The accidental baker

The way Alvin Lee Ying Zhe, 25, tells it, he only knew what he wanted to do after he left school at age 18, after he took a trip down to Singapore for a holiday.

This shy, soft-spoken young man, who hails from the small Selangor town of Sekinchan which is well-known for its lush paddy fields, was like many other young people at that age who did not really know what they wanted to do in life.

Recalling that fateful trip and the moment that changed his life, Lee said: “I tried a bun at this bakery called Barcook. I liked it so much I decided then and there that I wanted to be a baker.”

It was an unusual decision for the young man, who had no family background in the culinary line. Lee’s father was a construction worker while his mother was a seamstress.

Despite having no prior experience in cooking or baking, after his epiphany, Lee was committed to pursuing this line of work.

“I went for training for two years at Barcook [in Singapore]. After that they sent me to Taiwan for a baking course.”

In Taiwan he spent a few months learning the theoretical side of baking, such as why bread dough acts the way it does.

Lee said that initially the hardest thing for him to master was making sure the the oven was the right temperature, and monitoring the baking time as it was crucial to get the perfect final end product.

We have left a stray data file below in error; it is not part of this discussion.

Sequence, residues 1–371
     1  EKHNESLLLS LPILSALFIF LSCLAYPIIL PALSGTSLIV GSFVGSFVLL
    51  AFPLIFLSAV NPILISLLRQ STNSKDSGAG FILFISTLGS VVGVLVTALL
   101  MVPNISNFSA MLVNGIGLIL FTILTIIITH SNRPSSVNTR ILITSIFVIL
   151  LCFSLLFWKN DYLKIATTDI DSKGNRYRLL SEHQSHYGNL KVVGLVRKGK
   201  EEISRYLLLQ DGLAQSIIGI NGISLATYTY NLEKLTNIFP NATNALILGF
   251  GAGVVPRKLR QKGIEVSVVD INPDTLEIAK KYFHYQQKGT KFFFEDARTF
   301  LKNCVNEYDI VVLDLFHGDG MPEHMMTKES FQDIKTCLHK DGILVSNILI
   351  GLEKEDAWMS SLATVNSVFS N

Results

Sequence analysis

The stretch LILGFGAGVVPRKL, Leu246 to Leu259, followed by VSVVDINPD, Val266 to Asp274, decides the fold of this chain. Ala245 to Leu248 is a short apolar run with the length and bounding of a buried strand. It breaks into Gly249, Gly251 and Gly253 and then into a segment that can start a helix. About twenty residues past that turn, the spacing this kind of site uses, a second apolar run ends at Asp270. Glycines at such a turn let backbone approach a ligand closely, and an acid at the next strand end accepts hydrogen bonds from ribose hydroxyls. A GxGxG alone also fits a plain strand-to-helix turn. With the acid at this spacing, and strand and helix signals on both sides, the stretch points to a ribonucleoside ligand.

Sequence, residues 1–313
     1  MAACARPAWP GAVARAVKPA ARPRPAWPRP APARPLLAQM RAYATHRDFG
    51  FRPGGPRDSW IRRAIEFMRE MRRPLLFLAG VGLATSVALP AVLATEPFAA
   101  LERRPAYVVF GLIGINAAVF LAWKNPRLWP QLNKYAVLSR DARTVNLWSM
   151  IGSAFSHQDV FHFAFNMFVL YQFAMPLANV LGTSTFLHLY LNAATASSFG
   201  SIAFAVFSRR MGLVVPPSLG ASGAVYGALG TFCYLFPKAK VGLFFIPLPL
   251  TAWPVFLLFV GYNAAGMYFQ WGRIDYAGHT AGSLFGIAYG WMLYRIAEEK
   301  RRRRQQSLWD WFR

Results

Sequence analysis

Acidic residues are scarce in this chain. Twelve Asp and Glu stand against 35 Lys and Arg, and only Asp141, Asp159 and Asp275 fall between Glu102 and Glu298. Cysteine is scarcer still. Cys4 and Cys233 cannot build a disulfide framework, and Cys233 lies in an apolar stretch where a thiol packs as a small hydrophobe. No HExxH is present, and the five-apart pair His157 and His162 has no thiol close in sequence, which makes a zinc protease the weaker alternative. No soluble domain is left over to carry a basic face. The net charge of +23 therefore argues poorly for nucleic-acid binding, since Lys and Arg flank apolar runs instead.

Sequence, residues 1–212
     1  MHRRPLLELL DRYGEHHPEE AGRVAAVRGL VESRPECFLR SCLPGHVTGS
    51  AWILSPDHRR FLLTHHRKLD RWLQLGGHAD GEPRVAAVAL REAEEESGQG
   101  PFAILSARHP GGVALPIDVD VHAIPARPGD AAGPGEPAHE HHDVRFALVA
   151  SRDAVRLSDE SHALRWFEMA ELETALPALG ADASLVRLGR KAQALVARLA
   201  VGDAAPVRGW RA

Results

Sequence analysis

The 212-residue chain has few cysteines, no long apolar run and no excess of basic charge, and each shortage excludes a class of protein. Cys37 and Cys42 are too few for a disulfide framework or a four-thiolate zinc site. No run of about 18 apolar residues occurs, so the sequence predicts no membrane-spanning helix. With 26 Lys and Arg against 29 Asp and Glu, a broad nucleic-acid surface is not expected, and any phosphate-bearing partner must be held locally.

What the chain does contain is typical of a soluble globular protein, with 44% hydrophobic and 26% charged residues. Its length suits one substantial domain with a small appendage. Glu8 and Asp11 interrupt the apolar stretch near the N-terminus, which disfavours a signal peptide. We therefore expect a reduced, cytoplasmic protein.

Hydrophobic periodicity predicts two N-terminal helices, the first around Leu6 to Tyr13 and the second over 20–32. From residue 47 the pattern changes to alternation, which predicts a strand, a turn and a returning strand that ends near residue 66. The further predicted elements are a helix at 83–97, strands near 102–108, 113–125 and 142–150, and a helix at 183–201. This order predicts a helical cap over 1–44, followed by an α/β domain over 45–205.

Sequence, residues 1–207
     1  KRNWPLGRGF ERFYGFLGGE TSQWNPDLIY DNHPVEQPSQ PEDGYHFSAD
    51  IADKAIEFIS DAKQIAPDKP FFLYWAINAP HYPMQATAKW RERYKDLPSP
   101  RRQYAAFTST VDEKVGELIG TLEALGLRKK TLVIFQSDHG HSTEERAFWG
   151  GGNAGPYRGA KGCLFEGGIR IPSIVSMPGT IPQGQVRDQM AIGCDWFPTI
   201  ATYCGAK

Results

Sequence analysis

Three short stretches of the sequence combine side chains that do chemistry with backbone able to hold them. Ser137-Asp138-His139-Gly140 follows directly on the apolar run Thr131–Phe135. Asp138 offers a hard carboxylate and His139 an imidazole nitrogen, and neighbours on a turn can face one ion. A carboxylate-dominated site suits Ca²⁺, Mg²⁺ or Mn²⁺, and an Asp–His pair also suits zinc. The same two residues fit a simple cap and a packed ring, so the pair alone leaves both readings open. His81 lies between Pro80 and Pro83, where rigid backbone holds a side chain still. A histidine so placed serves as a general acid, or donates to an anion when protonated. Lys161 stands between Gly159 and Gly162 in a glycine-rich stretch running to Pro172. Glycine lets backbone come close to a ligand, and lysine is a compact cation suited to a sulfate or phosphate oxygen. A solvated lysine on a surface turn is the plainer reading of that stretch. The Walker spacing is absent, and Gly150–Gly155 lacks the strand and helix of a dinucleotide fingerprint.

“The first thing I learned to do was putting topping on the bread,” said Lee, who explained that his early tasks ranged from applying egg wash, or adding toppings such as onions or cheese onto the bread.

Subsequently he was allowed to bake his own bread. “The first thing I learned to bake was sweet bread,” he recalled.

After polishing his skills, he returned to Singapore and continued baking for Barcook.

When the company expanded its business to Malaysia about a year ago, Lee was able to return to the Klang Valley to help start up its first outlet located in Mid Valley Megamall.

Today, Lee is the chef and supervisor for Barcook’s two outlets in Klang Valley.

The buns, pastries, breads and cakes are all prepared on site, as there is no central kitchen and as no preservatives are used their products needed to be consumed with the day.

On a typical day, Lee and his bakers arrive at their respective outlets at 5am to start preparing and proofing the dough they need for that day.

Since their products are baked fresh, they continue baking small batches of different buns and pastries throughout the day.

So no matter what time you walk into their bakeries, you are ensured the freshness of their products.

Every three months new items are introduced. Lee himself tries out the products from other bakeries just to check out what is in the market. Based on his own observations, he sometimes sends suggestions to his bosses.

Essentially the baking style he learned is the Japanese style of baking, and he told us the flour used is actually imported from Japan.

When asked why he thinks Malaysians seem to like Japanese style breads, pastries and cakes.

“It is lighter and not too sweet compared to the European style cakes and pastries.”

When asked if he plans to open his own bakery down the road, Lee said no. He is happy where he is, and the smile on his face spoke volumes.